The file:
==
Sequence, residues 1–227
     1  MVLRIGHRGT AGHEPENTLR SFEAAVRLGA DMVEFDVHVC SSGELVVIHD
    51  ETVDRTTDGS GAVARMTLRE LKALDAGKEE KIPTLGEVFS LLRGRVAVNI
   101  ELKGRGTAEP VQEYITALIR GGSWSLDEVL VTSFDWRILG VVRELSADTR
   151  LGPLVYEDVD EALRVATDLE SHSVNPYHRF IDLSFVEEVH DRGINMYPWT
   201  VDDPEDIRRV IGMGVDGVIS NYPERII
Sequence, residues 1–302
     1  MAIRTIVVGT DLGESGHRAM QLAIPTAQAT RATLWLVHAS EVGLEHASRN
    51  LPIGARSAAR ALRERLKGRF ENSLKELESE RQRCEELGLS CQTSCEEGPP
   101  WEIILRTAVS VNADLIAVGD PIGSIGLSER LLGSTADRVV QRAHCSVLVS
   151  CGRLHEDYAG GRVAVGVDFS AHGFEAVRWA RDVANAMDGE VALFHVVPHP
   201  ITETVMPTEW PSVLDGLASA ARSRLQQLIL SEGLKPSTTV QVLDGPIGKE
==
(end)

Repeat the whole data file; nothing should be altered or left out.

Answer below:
Sequence, residues 1–227
     1  MVLRIGHRGT AGHEPENTLR SFEAAVRLGA DMVEFDVHVC SSGELVVIHD
    51  ETVDRTTDGS GAVARMTLRE LKALDAGKEE KIPTLGEVFS LLRGRVAVNI
   101  ELKGRGTAEP VQEYITALIR GGSWSLDEVL VTSFDWRILG VVRELSADTR
   151  LGPLVYEDVD EALRVATDLE SHSVNPYHRF IDLSFVEEVH DRGINMYPWT
   201  VDDPEDIRRV IGMGVDGVIS NYPERII
Sequence, residues 1–302
     1  MAIRTIVVGT DLGESGHRAM QLAIPTAQAT RATLWLVHAS EVGLEHASRN
    51  LPIGARSAAR ALRERLKGRF ENSLKELESE RQRCEELGLS CQTSCEEGPP
   101  WEIILRTAVS VNADLIAVGD PIGSIGLSER LLGSTADRVV QRAHCSVLVS
   151  CGRLHEDYAG GRVAVGVDFS AHGFEAVRWA RDVANAMDGE VALFHVVPHP
   201  ITETVMPTEW PSVLDGLASA ARSRLQQLIL SEGLKPSTTV QVLDGPIGKE